Some thoughts on the 'reveal' operator

Mark S. Miller markm@caplet.com
Thu, 23 Sep 1999 21:16:01 -0700


At 04:59 PM 9/23/99 , Chip Morningstar wrote:
>The reveal operator ("^") is a new addition to E for me. I thought it was a
>typo when I first saw it. I think I understand what the motivation for 
>this was
>but I also think it's really icky from a human-factors perspective to have to,
>in essence, put an explicit "return" statement in *every* block. (It's also
>problematic to my eyes to have such a significant operation expressed by 
>such a
>small and hard to see character glyph, though I imagine people with a lot of
>Smalltalk experience will be more used to it.) In particular, in the example:

I don't particularly like the human factors myself, but at least on my 
screen&font it's not hard to see.  Poll time: how many of you find this 
hard to see on your system?  What is your system?  Please answer the poll 
privately to me, and I'll summarize for the group.

>    define factorial(n) {
>       ^if (n <= 0) {
>          ^1
>       } else {
>          ^n * factorial(n-1)
>       }
>    }
>
>The reveal on the two inner result expressions seems clear enough, but I found
>the reveal on the 'if' to be quite surprising and counterintuitive, since I'm
>not (yet) used to thinking of statements with a statement-like syntax as
>expressions. This is particularly the case in this example since you need both
>the inner and outer reveals to actually return a result; omitting one but not
>the other in this example yields useless crud:

Yeah.  A Smalltalk programmer would also be puzzled by the "^" on the "if", 
as Smalltalk's "^" is like C's "return".  This difference is why I called 
it "reveal".  Why didn't I use the Smalltalk meaning?  It doesn't 
generalizes poorly, in a way especially bad for E.  If we return, where do 
we return from?  In Smalltalk, methods and blocks were very distinct, and 
methods could never appear lexically nested within another 
method.  Therefore, Smalltalk could get away with saying "'^' returns from 
the method.".  E does not have this asymmetry, so I could not find a 
corresponding control-flow answer that I liked.  In fact, it's good not to 
bring in control flow unnecessarily.  That's the good thing about E's "^".

>    define factorial(n) {
>       if (n <= 0) {
>          ^1
>       } else {
>          ^n * factorial(n-1)
>       }
>    }
>
>*Looks* right, but will be (in C terms) a function returning void. Whereas:
>
>    define factorial(n) {
>       ^if (n <= 0) {
>          1
>       } else {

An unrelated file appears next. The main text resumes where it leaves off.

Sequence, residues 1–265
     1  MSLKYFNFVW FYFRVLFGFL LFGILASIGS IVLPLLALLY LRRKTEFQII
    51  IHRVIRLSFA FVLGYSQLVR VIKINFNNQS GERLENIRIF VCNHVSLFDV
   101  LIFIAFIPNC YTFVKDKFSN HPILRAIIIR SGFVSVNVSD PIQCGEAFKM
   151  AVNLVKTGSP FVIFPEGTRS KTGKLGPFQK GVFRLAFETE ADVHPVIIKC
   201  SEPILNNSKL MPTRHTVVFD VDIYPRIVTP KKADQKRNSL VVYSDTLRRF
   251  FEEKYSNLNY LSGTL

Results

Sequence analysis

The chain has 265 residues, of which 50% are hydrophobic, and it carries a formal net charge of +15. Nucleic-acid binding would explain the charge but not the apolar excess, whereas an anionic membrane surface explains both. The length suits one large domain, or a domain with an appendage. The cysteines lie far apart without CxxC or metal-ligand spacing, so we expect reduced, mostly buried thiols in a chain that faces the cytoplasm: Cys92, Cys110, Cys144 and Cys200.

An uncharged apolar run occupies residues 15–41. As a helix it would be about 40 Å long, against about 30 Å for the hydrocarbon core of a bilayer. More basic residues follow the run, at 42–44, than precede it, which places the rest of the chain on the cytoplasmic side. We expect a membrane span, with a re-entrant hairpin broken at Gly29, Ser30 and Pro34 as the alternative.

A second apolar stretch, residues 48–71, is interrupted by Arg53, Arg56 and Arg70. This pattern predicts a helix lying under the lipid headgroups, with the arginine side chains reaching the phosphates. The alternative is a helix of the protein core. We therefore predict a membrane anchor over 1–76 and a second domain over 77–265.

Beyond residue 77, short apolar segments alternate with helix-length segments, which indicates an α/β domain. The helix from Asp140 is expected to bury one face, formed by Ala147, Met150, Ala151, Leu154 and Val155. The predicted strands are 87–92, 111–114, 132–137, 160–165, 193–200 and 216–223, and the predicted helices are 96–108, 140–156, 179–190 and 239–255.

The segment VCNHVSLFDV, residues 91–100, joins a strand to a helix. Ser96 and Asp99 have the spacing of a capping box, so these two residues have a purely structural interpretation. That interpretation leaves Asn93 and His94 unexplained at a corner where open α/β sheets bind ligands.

>          n * factorial(n-1)
>       }
>    }
>
>is just wrong. I would expect it to ..

You caught me.  I took a shortcut I'm still fond of, but you may be able to 
talk me out of it.  A block that does not reveal anything is now considered 
syntactic sugar for a block that reveals null.  Therefore, the expanded 
version of the above two blocks of code would be:

    define factorial(n) {
       if (n <= 0) {
          ^1
       } else {
          ^n * factorial(n-1)
       }
       ^null
    }

and

    define factorial(n) {
       ^if (n <= 0) {
          1
          ^null
       } else {
          n * factorial(n-1)
          ^null
       }
    }

As for the other suggestions:

>  (a) throw an exception (effectively
>crashing the program in this example), (b) silently do something wrong (very
>bad), or (c) get caught by the compiler (which will feel to the programmer 
>like
>one of those pedantic complilation errors ...

I would only consider #c an acceptable alternative.  If you wish to claim 
that my current solution is #b, I'll pout but I won't argue.

>I understand that this is trying to make revelation explicit, presumably so
>that it becomes a deliberate act (for example, so that a function does not
>inadvertantly reveal information that was not meant to be revealed, simply
>because that information happened to be the last thing computed).

That's exactly correct.

>That's a
>laudable goal, but I suspect the mechanism will prove cumbersome. Falling back
>on the custom of using the value of the last expression in a block as the 
>value
>of the block seems to me a more pragmatic design. If we need to have an
>explicit value that denotes a non-result for the "I'm not really returning
>anything" case, that's OK with me.

That was my attitude, and when MarcS first raised this issue, my answer was
to put a "null" expression at the end of a block when you want to hide
things in exactly this way.  However, once I tentatively made this change in
the language (to be available in the upcoming 0.8.5, unless I'm talked out
of it), I then had to make the corresponding change in all my E code.  When
I did so, I found enough exploitable value-leaks in code I thought was
secure that I became a believer in not having the unmarked case reveal a
value. The default case should grant the *least authority*, so to speak.  Of
course, a better notation can still be found.


-----------------------------------------------------------
Due to a bug (possibly at my ISP, but probably in Eudora 4.2.0.58), on 9/15
I lost 18 email messages.  If it's possible for you to check whether you
sent me something on that date, resending it would be great.  Otherwise,
please excuse my non-responsiveness to email you may have sent around that
time.  Sorry for the inconvenience, and thanks.

         Cheers,
         --MarkM